Get hired, and STAY hired – a common sense approach

I am an avid photo enthusiast who enjoys photography, but I have never been paid to take a photograph.

However, I have hired and re-hired photographers for the last 8 years.  I work as a marketing executive on the Las Vegas Strip at a resort & casino.

I (and my team) hire photographers for a variety of different needs.

  • A new signature dish at a restaurant needs a publicity shot – no problem, I know someone great at food shots.
  • A hotel room has been remodeled and the website needs an updated shot – I know a great architectural shooter.
  • Sold out crowd of 12,000 and a Grammy winning band is rocking the house, going to need some shots for the Facebook page – I know someone.
  • A brand campaign needs big production shots – no problem, my agency will hire them!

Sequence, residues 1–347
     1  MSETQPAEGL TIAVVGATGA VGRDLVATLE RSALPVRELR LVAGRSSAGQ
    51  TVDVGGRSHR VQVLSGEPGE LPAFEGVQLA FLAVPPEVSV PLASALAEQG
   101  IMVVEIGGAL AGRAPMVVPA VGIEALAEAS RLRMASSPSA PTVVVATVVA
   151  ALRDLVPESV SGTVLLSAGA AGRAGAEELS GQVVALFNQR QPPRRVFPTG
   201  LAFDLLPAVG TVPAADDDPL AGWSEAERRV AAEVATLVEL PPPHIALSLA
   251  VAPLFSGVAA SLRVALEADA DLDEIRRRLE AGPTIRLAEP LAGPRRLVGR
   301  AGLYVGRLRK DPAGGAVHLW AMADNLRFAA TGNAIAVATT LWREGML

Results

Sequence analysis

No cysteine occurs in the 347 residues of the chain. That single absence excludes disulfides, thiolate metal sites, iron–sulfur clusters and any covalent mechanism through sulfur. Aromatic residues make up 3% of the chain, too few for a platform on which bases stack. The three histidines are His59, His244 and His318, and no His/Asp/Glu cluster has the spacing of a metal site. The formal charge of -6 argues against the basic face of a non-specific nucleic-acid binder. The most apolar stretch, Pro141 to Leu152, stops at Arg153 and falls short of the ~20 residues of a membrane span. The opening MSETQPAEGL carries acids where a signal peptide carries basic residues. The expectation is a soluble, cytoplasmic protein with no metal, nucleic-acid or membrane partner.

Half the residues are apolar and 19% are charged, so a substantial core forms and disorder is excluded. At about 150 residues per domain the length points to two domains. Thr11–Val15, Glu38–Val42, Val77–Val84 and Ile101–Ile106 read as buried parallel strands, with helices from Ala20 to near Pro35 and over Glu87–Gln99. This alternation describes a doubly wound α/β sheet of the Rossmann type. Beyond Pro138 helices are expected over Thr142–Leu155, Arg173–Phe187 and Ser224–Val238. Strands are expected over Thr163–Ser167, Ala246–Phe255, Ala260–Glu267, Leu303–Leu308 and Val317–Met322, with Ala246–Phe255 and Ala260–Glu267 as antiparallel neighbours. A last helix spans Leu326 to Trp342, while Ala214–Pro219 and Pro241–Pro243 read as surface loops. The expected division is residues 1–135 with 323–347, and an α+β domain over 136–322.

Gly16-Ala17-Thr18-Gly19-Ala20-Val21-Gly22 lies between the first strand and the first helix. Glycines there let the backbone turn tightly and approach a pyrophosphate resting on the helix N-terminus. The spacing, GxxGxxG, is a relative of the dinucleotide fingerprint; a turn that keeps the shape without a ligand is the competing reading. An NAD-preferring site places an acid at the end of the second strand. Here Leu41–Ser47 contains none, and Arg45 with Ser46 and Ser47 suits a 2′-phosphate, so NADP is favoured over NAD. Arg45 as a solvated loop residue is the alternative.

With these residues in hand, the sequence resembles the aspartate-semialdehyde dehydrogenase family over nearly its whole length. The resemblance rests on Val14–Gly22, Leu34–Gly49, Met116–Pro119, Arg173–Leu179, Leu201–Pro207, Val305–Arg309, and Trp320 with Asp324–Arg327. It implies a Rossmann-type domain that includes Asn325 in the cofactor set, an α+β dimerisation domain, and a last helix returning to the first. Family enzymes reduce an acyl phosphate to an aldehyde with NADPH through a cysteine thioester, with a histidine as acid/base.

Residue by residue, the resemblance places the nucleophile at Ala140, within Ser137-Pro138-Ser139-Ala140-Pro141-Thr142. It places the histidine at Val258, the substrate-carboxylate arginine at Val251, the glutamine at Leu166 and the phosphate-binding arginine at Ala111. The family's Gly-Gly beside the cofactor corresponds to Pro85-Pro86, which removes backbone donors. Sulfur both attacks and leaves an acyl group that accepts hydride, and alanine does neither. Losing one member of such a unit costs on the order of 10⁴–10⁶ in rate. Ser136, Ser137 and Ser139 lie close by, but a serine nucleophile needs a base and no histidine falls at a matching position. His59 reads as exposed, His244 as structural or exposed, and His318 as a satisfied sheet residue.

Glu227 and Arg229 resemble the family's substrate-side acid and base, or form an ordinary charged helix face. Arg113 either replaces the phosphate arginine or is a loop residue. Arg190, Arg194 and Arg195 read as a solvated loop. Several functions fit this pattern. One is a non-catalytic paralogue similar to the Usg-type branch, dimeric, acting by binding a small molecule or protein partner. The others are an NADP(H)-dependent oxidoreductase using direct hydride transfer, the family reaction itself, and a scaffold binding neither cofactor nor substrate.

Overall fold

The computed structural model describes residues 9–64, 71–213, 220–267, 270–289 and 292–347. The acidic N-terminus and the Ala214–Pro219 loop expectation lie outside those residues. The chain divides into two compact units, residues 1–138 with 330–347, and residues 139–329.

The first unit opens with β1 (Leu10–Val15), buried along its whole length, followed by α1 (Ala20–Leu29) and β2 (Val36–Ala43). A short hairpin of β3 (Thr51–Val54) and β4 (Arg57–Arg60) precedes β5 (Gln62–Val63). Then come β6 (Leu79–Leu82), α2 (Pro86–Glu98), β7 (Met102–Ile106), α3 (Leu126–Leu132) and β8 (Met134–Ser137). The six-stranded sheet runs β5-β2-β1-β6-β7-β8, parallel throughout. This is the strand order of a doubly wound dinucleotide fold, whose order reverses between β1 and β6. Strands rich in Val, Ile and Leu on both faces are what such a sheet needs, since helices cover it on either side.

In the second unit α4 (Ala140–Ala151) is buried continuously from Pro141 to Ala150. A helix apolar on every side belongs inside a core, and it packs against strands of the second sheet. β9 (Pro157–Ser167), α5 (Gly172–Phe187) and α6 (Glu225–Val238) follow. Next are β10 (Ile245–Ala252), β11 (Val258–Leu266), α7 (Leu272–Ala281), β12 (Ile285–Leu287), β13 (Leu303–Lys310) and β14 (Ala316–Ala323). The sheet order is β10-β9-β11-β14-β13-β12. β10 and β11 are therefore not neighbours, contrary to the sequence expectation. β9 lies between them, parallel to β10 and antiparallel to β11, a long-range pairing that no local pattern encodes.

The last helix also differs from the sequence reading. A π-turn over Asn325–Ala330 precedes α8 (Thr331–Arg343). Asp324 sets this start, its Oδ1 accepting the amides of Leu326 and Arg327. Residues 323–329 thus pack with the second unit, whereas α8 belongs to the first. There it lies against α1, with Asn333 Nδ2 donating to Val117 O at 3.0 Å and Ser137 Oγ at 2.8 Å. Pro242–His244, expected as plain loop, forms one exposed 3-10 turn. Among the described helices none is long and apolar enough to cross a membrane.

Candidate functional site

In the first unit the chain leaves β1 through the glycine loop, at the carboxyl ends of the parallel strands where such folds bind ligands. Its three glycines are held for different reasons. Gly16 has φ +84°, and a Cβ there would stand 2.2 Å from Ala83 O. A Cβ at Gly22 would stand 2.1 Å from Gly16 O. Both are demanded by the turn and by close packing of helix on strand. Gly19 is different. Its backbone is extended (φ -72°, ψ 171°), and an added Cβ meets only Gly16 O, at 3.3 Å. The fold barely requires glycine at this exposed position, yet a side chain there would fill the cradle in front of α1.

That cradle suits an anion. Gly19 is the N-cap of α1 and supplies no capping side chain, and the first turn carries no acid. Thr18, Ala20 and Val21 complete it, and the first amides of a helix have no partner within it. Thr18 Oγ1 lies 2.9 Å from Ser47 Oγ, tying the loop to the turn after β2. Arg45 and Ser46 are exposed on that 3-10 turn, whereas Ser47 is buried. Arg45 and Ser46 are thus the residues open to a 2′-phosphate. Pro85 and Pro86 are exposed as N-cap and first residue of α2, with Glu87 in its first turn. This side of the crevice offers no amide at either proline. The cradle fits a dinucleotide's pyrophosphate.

As both an enthusiast and a person who hires the pros, I would like to tell you some things that get you hired and re-hired as a professional.  Most of these would fall into the “that’s common sense, seems too easy” category, and if you thought that as well, you’re already a step ahead of the pack.

Most photographers I have hired are consummate professionals, all the way.  However, there have been a few who I can sit back and laugh at now as I think about some of the interactions I’ve had. I’ll never forget the time a pro showed up for a food shoot (someone we hire a lot) as he looked at me with puppy dog eyes and said, “Do you, eh, have a spare CF card anywhere? I forgot mine.”

Seriously?

Do a little research before the day of your shot; Google is your friend.

True story, and this is someone we do a lot of work with and still hire a lot.  Why?  Because I like him and he has gotten to know my team.